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Violating Federal Contract Terms

Violating Federal Contract Terms

Violating federal contract terms is a type of defense fraud that occurs when a contractor does not comply with the terms of their agreement with the government. A contractor that fails to do so, may supply a substandard good or service to the federal authorities. These unlawful schemes increase the price that is paid by the U.S. Government and decreases the value of the arrangement. The end result is that the taxpayers do not receivethe best value for the money spent.

Why the U.S. Government relies on contractors?

The government often lacks adequate production capabilities and must rely on civilian industry to manufacture machinery and provide personnel services. The federal authorities contract with private companies on a range of services from military equipment production to providing other services, such as food and janitorial assistance.

This high demand of good and services often presents opportunities to support thousands of American businesses. Even when the government is only contracting with one major corporation, that company will often then employ multiple subcontractors. One of the largest contractors, Lockheed Martin, has over 40,000 suppliers. These companies include small American businesses that specialize in manufacturing specialty parts, and they rely on the subcontracting work to stay in business.

Government Contract Terms

image of female navy officer

After the government has selected a bid on a project, a contract will be formed. This agreement contains terms that dictate if and who the contractor can subcontract to, the quality of the requested service or product, and more. When the whole process is finalized, the authorities receives the good or service in an ideal condition and at the best value.

Commitment terms allow the government to clearly define what they want from the company and any limitations on the contractor. In addition to ensuring it gets the best deal on services, these terms are also used to promote policy objectives such as supporting veteran and minority-owned businesses.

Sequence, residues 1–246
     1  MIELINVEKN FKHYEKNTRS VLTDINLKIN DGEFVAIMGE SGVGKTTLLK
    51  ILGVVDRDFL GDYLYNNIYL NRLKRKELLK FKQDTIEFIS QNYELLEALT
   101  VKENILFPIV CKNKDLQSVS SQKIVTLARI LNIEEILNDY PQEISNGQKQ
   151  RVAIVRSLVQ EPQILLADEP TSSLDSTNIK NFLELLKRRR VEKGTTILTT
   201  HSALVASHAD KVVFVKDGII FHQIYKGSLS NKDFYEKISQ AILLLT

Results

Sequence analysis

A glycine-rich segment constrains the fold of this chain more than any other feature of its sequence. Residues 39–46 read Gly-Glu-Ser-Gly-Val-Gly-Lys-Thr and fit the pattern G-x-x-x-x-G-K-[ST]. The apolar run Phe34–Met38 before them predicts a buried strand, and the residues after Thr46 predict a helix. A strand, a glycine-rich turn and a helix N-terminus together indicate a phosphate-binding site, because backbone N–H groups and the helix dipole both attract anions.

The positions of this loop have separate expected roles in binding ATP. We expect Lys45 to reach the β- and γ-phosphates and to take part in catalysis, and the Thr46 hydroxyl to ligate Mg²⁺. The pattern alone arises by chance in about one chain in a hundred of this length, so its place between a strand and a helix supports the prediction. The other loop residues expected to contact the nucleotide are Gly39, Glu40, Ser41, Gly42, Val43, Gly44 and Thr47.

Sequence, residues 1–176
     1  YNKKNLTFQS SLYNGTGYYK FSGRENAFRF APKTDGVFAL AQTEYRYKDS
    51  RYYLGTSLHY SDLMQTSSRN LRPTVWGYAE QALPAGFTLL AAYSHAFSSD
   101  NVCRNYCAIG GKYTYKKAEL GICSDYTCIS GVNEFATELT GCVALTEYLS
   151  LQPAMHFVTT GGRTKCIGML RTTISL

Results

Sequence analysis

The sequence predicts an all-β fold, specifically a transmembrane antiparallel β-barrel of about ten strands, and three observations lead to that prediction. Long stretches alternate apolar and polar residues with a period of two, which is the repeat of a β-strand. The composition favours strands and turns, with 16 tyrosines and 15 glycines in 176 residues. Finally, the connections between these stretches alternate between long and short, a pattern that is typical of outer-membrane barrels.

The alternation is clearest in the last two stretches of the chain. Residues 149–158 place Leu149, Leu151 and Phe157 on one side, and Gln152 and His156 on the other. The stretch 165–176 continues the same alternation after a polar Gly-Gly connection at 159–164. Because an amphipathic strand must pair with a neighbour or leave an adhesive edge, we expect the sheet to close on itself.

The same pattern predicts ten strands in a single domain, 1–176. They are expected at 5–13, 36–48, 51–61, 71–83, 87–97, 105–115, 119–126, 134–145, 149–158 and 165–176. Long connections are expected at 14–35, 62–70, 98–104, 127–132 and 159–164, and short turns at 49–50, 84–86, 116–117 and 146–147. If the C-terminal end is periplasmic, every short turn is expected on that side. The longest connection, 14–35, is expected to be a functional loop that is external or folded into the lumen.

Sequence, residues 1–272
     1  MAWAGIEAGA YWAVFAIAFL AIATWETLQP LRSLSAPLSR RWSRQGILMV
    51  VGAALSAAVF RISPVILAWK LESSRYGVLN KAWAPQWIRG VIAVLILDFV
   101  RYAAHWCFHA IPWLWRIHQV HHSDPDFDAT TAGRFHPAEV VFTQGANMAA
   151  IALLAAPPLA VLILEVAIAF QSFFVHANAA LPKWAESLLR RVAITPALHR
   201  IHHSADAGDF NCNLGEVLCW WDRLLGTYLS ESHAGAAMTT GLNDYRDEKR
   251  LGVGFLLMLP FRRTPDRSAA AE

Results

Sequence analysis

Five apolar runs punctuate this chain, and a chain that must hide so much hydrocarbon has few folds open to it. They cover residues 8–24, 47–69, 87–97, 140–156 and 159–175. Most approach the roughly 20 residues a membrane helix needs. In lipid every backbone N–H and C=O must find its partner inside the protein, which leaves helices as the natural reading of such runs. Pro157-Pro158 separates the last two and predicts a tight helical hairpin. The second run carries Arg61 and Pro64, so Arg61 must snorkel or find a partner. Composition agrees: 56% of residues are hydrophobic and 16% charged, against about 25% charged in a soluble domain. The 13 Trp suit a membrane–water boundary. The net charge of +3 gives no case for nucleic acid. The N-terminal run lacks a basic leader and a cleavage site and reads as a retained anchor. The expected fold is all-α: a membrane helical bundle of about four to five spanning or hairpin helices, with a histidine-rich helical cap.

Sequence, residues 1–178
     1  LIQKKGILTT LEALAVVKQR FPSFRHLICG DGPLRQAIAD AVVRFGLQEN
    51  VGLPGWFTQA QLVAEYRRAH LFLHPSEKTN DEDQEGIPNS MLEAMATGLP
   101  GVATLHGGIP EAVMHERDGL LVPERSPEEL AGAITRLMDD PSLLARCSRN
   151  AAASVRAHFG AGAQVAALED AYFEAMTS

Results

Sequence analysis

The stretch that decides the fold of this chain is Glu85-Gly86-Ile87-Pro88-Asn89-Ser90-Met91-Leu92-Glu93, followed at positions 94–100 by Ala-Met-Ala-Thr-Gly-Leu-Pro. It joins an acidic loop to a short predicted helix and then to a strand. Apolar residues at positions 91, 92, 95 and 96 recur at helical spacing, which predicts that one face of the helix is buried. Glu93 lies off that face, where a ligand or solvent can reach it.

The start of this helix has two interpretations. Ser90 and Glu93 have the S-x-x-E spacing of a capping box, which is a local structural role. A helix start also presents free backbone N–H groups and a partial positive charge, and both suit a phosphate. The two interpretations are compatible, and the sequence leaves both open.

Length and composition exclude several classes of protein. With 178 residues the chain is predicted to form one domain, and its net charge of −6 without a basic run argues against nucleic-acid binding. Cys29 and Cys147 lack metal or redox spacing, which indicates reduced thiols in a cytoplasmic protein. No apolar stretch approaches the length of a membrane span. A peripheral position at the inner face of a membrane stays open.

Contract terms often increase the cost for the contractor to complete the job. In cases of fraud, an unscrupulous company will sometimes make decisions to increase their profits by choosing cheaper methods to complete the assignment. This can lead to the finished service or product not meeting the terms they have agreed on.

Federal Contracts Require Companies to Meet Certain Criteria

The terms of the agreement often require the company meet certain criteria as a business. The government does this to promote businesses that provide jobs for U.S. citizens, encourage competition, is owned by a veteran or employs veterans, or for any other public policy reasons. Businesses that meet any of the criteria may get preferential treatment in the contract procurement process. Corrupt corporations will sometimes lie about or hide their status in order to secure a contract. The lie deprives other legit companies that are eligible from receiving the contract, and prevents the authorities from promoting certain businesses.

The Harm Caused by Violating a Federal Contract:

When a contractor violates the terms of the contract it is usually to benefit themselves at the cost of the taxpayers. This form of fraud may result in an inferior good or service that is not worth the value of the agreement. This has an effect of increasing the overall costs leading to an inflated military budget that the American citizens pays for.

Between 2001 and 2011 it was estimated that $60 billion was wasted for projects related to rebuild Iraq and Afghanistan because of fraud. This amounted to about $1 wasted for every $3.50 spent. This kind of fraud also leads to substandard services for the military or faulty equipment that the army relies on.

Faulty equipment can cause accidents to occur or increase the danger for military personnel. In July 2010, US Army Specialist Sean McMahon was testing a new M-2 machine gun in Afghanistan. The gun jammed at first, but then fired a round that exploded in the chamber. The soldier suffered shrapnel wounds in his leg and returned to the United States for medical treatment. An investigation found that the likely cause of the explosion was an improperly manufactured bolt. McMahon’s injury is one example of hundreds of instances where a manufacturer’s decision to cut corners resulted in injuries to army personnel.